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Astron. Astrophys. 346, 285-294 (1999)

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4. Observations and data overview

In September 1996, a SUMER observational sequence was executed to determine the Doppler shifts of the Ne VIII ([FORMULA]770) and the C IV lines. The sequence was run twice. First on September 21, 1996 from 00:16 to 07:31 UT near the north polar coronal hole; then on September 22, 1996 from 00:40 to 08:14 UT in a mid-latitude region on the solar disk. In both cases, a wavelength of 1541.5 Å was positioned on reference pixel 531 of detector A, and half of the detector array (512 spectral [FORMULA] 360 spatial pixels) around that position was transmitted to the ground. This provides us with a spectral window of [FORMULA] 20 Å on the KBr photocathode as shown in Fig. 2 for a portion of the second run. A slit with angular dimensions of 1" [FORMULA] 300" was used, spectrally resolved images of the slit were taken with an exposure time of 150 s each, and the field of view was rastered with a step size of 8 elementary steps corresponding to 3:0001 in east-west direction. On the first day, exposures were performed at 173 raster positions between 121" east and 397" west, with the centre of the slit pointing to 780" north (from 630" to 930"). On the second day, 181 exposures were taken between 476" east and 66" west centred at 411" north (from 261" to 561"). No onboard flat-field correction was used. The fields of view are shown in Fig. 3 inserted in an EIT image (Extreme-ultraviolet Imaging Telescope, Delaboudinière et al. 1995) taken between the two SUMER rasters. The spectral window contains the strong lines of Si II and Ne VIII as well as the C IV doublet. These lines and the adjacent continuum radiation have been used to visualize in Figs. 4 and 5 the properties of the solar atmosphere at different temperature levels, namely at 14 000 K in the Si II ([FORMULA]1533) line, at 100 000 K in the C IV ([FORMULA]1548) line, and at 630 000 K in the Ne VIII ([FORMULA]770) line. The carbon line is a typical transition region line, whereas Si II and Ne VIII show the situations at the lower and higher temperature levels. The Li-like Ne[FORMULA] ion is particularly well suited for observations over a wide temperature range, because of the long tail towards high temperatures of its contribution function, [FORMULA], (cf., Doschek et al. 1998; Laming et al. 1998).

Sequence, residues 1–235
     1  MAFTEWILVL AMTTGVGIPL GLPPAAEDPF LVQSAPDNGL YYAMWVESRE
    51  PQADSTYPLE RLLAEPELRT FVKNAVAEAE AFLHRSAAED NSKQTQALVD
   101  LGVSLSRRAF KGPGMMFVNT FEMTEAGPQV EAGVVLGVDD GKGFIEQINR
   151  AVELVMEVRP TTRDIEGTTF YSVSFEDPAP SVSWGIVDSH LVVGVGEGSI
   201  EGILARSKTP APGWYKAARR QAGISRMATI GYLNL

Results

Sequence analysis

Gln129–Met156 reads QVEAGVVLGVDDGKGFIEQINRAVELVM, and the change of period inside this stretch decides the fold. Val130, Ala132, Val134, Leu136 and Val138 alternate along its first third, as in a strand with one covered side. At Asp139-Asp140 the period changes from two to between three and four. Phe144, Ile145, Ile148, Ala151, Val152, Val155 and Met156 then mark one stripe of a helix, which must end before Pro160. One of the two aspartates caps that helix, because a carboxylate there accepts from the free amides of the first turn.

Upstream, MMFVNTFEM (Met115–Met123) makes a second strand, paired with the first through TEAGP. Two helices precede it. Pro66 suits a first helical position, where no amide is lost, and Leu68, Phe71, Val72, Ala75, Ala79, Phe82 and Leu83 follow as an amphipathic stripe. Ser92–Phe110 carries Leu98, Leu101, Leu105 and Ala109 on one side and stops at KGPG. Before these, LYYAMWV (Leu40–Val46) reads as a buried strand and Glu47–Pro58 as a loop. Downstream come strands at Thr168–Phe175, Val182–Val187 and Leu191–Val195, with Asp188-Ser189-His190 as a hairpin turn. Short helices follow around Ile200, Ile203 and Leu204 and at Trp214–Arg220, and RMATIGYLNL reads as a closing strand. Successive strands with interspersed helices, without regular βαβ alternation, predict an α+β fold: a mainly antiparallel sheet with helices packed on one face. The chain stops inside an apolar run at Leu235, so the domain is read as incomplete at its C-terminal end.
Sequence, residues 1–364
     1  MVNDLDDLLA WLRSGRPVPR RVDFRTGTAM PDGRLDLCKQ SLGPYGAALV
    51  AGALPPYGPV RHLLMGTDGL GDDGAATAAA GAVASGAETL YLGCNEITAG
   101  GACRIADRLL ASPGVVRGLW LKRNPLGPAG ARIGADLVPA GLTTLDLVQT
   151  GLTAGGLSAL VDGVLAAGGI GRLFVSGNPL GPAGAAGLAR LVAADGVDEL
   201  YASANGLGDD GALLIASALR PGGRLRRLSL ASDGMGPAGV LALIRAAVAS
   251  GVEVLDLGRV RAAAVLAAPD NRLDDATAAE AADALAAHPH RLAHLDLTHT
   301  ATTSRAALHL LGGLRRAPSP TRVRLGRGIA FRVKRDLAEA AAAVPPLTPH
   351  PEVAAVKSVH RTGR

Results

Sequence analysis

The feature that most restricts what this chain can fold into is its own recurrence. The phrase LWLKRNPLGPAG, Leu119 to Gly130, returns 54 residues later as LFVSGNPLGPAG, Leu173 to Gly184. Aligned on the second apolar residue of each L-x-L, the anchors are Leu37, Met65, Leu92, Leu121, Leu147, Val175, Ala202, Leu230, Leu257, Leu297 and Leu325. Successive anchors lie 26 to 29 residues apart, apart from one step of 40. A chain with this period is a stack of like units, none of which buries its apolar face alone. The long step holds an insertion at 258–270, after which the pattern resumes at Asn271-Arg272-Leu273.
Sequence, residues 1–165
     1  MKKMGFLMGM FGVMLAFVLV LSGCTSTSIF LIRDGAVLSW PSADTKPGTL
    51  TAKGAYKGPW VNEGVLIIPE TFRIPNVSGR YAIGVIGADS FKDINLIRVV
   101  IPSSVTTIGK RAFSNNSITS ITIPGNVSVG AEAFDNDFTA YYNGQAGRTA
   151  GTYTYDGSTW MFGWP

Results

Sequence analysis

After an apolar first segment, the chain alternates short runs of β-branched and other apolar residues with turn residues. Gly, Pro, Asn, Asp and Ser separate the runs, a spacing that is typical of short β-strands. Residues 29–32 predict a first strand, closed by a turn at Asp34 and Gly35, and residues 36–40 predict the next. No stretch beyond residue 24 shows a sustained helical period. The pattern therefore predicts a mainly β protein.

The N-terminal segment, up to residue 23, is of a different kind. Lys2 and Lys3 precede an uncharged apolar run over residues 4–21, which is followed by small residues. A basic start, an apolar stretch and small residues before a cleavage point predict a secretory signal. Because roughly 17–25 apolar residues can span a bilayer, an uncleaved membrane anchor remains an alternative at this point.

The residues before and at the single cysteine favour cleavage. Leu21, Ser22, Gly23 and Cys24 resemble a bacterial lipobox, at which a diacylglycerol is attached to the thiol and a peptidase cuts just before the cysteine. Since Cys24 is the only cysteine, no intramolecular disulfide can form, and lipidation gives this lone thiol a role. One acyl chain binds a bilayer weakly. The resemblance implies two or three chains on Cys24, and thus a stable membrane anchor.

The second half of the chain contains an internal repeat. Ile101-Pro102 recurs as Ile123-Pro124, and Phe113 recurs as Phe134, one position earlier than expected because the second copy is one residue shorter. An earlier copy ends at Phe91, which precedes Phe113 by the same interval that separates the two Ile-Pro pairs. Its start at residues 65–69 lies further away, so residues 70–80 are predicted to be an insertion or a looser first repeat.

[FIGURE] Fig. 2. The SUMER spectrum in the wavelength range from 1531.6 Å to 1552.2 Å in first order (765.8 Å to 776.1 Å in second order) observed on September 22, 1996 around 06:00 UT. The spectrum of the quiet Sun has been averaged over 83 raster steps (the exposures in the west of the scan) and shows the bright lines of Si II , Ne VIII (in second order) and C IV , in addition to many weak Si I lines, some C I lines plus the Fe II ([FORMULA]1550.260) and N II ([FORMULA]775.965) (in second order) lines. Their spectral positions are marked by dots (except for the 144 Si I lines). The radiometric calibration has been performed with the standard SUMER software and is valid for the first-order lines. The radiances of the second-order lines have to be reduced by a factor of 3.38 to match this calibration. The horizontal bars indicate the ranges which will later be used for an absolute wavelength calibration of Ne VIII ([FORMULA]770).